How to Get Lost Customer Back: 4 Steps
Even for the best companies, a customer may decide to leave and go to the competitor instead. For anyone who owns or runs the company, it feels like when you see your favorite player leave the team you’re cheering for, to start playing in another team. In other words, very disappointing.
The good news is that no dramatic action is required to get the customer back again.
Statistics show that in most cases, customer dropout could have been avoided. With churn management, thus working to avoid these customer failures, you can detect the warning signals before the customer leaves. But if the customer has already left, does that mean you lost the customer forever?
No, you haven’t, and successful scenarios where customers come back really pay off. In a case study from 2015 that contained 53,000 customers, the average customer life cycle increased by 11%. It has also shown that by increasing customer loyalty by 5%, profitability can be increased from 25% to 95%.
There are strategies to help you win back customers. We have put together a checklist of different measures to help you with just that. In the end, not all relationships have been broken, see instead that a relationship has been temporarily put on hold. Actually, the customer’s journey has been extended. You are still the one who knows your (former) customer better than any of your competitors. So take advantage of the information you already have and bring the relationship to life.
1. Continue to listen to them
If you know what made the customer decide to buy your goods or services, this is to your advantage. What convinced them? This is one reason why it is good to have answers from surveys that you collected at an early stage in the customer’s life cycle.
Collect detailed information such as how satisfied they are with the various product features, the price, and customer service. In 89% of cases, it is actually a poor customer service experience that is the top reason a customer leaves.
This reinforces the importance of customer engagement and customer service. Customer service is much more comprehensive than we thought. Just because the contract is signed does not mean that we can now go and rest. It is rather just the beginning of the journey. Having a competent customer service is the most important thing for customer engagement. The companies that are aware of the importance of customer service have often renamed the team a “customer success center”. A single customer question complements the customer image and opens up new opportunities.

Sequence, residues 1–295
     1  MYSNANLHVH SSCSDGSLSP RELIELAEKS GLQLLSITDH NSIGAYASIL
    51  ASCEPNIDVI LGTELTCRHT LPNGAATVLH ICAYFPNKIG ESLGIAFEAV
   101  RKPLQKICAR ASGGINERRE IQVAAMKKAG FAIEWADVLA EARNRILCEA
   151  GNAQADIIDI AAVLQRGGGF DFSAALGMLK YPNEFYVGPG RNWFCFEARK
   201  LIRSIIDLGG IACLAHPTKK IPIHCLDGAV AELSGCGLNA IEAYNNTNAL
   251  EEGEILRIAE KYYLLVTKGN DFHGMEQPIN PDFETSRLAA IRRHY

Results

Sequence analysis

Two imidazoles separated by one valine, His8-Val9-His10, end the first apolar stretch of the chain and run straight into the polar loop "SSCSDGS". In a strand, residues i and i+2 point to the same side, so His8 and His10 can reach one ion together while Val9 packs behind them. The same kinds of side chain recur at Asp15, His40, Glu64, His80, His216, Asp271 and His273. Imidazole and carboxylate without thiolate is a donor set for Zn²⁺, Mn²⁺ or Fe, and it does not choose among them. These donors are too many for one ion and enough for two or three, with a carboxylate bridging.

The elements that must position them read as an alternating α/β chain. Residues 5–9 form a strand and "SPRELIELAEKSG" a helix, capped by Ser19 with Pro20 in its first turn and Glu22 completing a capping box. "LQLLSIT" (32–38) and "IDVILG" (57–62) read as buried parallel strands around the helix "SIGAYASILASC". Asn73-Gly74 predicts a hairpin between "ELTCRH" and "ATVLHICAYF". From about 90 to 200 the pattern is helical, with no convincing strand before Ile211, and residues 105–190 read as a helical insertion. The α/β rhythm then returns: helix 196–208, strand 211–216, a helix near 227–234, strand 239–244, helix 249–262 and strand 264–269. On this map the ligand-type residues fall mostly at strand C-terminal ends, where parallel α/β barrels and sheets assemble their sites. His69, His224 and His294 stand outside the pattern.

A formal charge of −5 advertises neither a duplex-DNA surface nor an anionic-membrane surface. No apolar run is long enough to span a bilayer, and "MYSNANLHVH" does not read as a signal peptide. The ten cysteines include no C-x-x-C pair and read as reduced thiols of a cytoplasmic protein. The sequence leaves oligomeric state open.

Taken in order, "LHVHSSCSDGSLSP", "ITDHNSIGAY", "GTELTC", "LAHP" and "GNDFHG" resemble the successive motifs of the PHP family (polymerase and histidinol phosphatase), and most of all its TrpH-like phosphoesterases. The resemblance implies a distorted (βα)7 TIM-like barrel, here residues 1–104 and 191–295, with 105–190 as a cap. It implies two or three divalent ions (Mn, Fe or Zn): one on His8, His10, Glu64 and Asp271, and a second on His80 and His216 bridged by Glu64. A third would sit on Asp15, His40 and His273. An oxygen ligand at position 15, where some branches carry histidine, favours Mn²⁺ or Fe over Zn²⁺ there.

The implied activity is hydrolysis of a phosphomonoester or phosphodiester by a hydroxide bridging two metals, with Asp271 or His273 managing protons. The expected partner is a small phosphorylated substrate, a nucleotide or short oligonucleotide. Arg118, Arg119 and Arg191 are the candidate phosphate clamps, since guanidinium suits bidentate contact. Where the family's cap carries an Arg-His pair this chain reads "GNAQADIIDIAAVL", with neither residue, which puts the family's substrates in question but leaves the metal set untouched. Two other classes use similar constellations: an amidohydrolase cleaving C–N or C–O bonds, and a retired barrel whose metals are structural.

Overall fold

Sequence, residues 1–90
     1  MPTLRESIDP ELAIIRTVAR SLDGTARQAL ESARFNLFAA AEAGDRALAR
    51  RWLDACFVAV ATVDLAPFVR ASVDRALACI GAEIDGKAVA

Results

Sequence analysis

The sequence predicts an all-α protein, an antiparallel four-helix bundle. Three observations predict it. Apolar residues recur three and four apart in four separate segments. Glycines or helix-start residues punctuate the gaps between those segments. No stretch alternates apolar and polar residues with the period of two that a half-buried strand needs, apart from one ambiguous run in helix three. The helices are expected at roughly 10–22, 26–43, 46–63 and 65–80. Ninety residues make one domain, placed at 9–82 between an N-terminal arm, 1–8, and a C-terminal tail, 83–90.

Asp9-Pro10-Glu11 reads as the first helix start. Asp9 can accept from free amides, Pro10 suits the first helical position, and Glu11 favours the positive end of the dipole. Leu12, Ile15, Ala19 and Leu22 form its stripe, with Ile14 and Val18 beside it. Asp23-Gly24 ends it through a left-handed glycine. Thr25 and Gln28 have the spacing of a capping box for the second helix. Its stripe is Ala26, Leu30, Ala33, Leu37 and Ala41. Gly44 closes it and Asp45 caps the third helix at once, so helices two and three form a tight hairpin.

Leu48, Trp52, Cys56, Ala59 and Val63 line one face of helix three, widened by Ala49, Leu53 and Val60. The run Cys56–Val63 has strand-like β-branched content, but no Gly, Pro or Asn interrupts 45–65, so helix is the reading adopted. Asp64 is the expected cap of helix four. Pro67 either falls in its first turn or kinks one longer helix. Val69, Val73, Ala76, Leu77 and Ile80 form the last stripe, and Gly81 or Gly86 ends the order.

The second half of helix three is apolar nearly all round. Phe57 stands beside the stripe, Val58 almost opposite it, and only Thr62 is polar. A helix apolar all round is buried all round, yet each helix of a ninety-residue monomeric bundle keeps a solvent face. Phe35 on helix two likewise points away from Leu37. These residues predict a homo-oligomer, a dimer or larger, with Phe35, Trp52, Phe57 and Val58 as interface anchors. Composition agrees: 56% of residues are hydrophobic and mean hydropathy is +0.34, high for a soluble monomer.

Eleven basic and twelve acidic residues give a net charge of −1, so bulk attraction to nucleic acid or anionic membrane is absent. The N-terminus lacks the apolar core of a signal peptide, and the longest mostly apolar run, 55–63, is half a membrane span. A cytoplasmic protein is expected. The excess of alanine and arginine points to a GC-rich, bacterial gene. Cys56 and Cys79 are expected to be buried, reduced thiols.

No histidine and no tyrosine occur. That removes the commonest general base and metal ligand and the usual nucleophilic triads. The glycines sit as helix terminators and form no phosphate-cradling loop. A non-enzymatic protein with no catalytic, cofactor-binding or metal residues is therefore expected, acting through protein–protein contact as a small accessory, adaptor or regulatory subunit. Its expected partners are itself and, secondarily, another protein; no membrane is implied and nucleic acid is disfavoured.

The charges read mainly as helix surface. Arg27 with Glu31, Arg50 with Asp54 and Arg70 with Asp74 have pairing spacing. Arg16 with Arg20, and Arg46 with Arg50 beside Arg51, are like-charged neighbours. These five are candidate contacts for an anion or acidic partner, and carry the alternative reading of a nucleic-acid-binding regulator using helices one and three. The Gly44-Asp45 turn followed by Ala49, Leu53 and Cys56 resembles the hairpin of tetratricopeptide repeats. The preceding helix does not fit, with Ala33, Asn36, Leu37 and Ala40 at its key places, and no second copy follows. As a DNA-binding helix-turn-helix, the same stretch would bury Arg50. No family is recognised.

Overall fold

2. Communicate value
As in all relationships, a customer wants to feel important and valuable. Logically, customers need to feel that the company is really mourning a loss if they leave. More than 40% of lost customers are willing to return if they notice increased commitment from the company (for example, they are offered discounts or upgrades).
Prior to this, customers must be treated as leads in order to simplify their decision-making process. Use customized messages that meet customers’ individual needs, which have proven to be the most effective way to get customers back (for example through automatic marketing and remarketing). Individualized marketing is really the key to a long-lasting customer relationship.
3. Do it as efficiently as possible
Every customer counts but as you already understand it will cost some money and energy to win back customers. Therefore, it is important to prioritize those customers where there is a high chance that they will return. In general, it has been found that the customers who left because the price was too high have a higher probability of coming back compared to those who left because of poor service. The more reasons the customer has to leave, the worse the possibility that the customer will return.
4. But when they come back….
… Make sure they stay – forever. If you have done your homework, you have now learned even more about the customer, which you can use to improve your relationship. Even if you have already understood the benefits of winning back customers, you have certainly gained a new view of the customers you have.
A customer’s life cycle offers many opportunities to collect valuable data, if you do it correctly. Avoid creating “yet another customer satisfaction survey”. Focus on long-term relationships with a high response rate and reaching customers at all levels. Based on this, focus on developing a commitment. Account management should focus on product development and customer service should focus on improving the overall customer experience. You can also go a step further and turn customers into ambassadors. Studies show that 83% of potential customers trust companies that are recommended by someone they know.